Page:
September 28, 2021

IRS Issues New Employee Retention Credit Guidance Even While Senate Plans its Untimely End

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Since the CARES Act introduced the temporary Employee Retention Credit (ERC) as a pandemic relief measure for eligible employers, we have carefully followed the subsequent amendments and expansions of the ERC to ensure that already overwhelmed employers can come to us for a streamlined experience in making the most of this credit.¹

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Significantly, the ERC is not a loan or a grant—it is the Federal Government incentivizing employee retention by providing direct payments to an eligible employer based on the payments made to the retained employees. The amount at stake is considerable—up to $33,000 per employee when accounting for the maximum allowable amounts during 2020 and 2021:

2020: ERC can be claimed for 50% of qualified wages, up to $10,000 per employee paid between March 13 and December 31, 2020. Simply, the maximum ERC is $5,000 per employee.
2021: ERC can be claimed for 70% of qualified wages, up to $10,000 per employee paid per quarter of 2021. Simply, the maximum ERC is $28,000 per employee.

On August 4, 2021, the IRS released an advance version of Notice 2021-49 (the latest ERC guidance) specifically: (1) for employers that pay qualified wages after June 30, 2021, and before January 1, 2022, and (2) addressing miscellaneous items applicable to the ERC in both 2020 and 2021. First, key takeaways regarding the changes applicable to the third and fourth quarters of 2021,² include but are not limited to:

  • Making the credit available to those eligible employers paying qualified wages after June 30, 2021, and before January 1, 2022;
  • Expanding the “eligible employer” definition to include “recovery startup businesses;”
  • Modifying the “qualified wages” definition for “severely financially distressed employers;” and
  • Providing that the ERC in inapplicable to qualified wages accounted for as payroll costs in connection with “a shuttered venue grant under section 324 of the Economic Aid to Hard-Hit Small Businesses, Non-Profits, and Venues Act, or a restaurant revitalization grant under section 5003 of the American Rescue Plan Act of 2021.”³

Finally, some of the more noteworthy miscellaneous ERC items addressed in the Notice with respect to both 2020 and 2021, include:

  • Whether the full-time employee definition includes full-time equivalents;
  • A discussion regarding the treatment of tips as “qualified wages” and the role of the IRC §45B credit;
  • Qualified wages deduction disallowance timing, and whether taxpayers must amend an already filed income tax return after claiming the credit on an adjusted employment tax return; and
  • Whether “qualified wages” include those wages paid to majority owners and their spouses.⁴

Additionally, the IRS clarified in its August 4, 2021 news release that:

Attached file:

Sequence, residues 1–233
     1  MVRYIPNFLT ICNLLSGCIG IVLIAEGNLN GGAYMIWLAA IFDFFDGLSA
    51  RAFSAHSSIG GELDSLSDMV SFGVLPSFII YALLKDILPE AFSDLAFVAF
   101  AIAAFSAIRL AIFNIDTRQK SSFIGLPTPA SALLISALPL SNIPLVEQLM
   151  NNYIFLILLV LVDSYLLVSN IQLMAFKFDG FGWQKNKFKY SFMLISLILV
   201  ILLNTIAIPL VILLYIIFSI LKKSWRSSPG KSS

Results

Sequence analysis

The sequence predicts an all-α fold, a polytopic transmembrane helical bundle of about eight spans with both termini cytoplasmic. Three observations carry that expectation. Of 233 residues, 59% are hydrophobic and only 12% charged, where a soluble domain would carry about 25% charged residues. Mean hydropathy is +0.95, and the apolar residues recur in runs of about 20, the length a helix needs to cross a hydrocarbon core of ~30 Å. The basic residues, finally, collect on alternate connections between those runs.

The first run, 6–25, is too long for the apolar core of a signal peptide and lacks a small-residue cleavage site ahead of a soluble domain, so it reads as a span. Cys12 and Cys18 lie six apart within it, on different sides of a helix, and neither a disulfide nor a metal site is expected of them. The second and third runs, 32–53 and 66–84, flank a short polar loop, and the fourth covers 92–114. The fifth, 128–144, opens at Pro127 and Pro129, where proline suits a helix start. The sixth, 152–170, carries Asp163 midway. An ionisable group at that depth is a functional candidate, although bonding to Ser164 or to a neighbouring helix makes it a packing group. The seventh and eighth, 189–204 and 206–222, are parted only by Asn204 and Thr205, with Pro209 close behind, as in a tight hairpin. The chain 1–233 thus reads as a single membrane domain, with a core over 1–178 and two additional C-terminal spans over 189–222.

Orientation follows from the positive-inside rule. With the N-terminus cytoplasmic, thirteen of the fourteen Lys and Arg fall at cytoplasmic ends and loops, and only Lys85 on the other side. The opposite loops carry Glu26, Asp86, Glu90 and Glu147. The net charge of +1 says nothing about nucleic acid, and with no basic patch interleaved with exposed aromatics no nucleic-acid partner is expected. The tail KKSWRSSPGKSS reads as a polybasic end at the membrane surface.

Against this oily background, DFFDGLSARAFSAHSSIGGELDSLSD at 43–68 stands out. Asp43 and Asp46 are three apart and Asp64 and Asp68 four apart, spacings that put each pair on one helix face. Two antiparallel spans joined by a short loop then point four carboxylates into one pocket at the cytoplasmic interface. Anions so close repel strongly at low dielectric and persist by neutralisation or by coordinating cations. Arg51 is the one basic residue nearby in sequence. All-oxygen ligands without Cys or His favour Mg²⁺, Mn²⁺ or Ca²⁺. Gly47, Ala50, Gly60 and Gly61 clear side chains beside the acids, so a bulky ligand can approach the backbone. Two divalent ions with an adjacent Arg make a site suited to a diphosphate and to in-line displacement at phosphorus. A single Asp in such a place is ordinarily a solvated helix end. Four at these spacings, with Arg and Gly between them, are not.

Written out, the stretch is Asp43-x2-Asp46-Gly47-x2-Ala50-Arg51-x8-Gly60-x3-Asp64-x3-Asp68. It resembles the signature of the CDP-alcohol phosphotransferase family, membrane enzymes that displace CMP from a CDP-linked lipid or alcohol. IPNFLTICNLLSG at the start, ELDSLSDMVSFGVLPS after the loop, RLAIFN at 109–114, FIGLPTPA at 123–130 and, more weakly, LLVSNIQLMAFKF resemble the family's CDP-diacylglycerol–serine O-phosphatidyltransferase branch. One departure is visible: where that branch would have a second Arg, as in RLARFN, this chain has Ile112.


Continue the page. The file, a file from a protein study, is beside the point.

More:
Eligible employers will report their total qualified wages and the related health insurance costs for each quarter on their employment tax returns (generally, Form 941) for the applicable period. If a reduction in the employer's employment tax deposits is not sufficient to cover the credit, certain employers may receive an advance payment from the IRS by submitting Form 7200, Advance Payment of Employer Credits Due to COVID-19.⁵

Importantly, we should note that this new guidance arrives at a particularly uncertain time, because:

  • although the ERC is currently set to expire at the end of this year, the Senate passed legislation and the House is projected to pass legislation this week which would terminate the ERC on September 30, 2021—three months earlier than originally set to expire,⁶ and
  • if the Delta variant (or others) presents renewed hardships on businesses, those companies that didn’t qualify for the ERC in the past two quarters of 2021 may desperately need ERC access in the final quarter of 2021.

We urge our readers to act quickly and contact their tax professional so that eligible employers do not miss out on much needed relief via the Employee Retention Credit. Contact our team at 410-497-5947 or fill out our brief contact form to schedule a confidential consultation.

Learn more about the Employee Retention Credits with Rebecca Sheppard and Matt Eddlemen on the latest episode of "A Way With Tax."

Footnotes

  1. Pub. L. No. 116-136, Div. A, §2301 (applicable to wages paid after March 12, 2020, and before Jan. 1, 2021) as amended by the Taxpayer Certainty and Disaster Tax Relief Act of 2020, Pub. L. No. 116-260, Div. EE, §206 (applicable to wages paid after March 12, 2020, and before July 1, 2021) and §207 (applicable for calendar quarters beginning after Dec. 31, 2020, and before July 1, 2021; https://www.irs.gov/newsroom/faqs-employee-retention-credit-under-the-cares-act; New Stimulus Modifies The Employee Retention Credit No Longer Precludes PPP Borrower From Claiming the Credit
  2. IR-2021-165, August 4, 2021.
  3. Pub. L. No. 117-2 (enacted March 11, 2021).
  4. IR-2021-165, August 4, 2021.
  5. Id.
  6. The House, however, will not consider the bill until the fall, because it is on recess until September 20.
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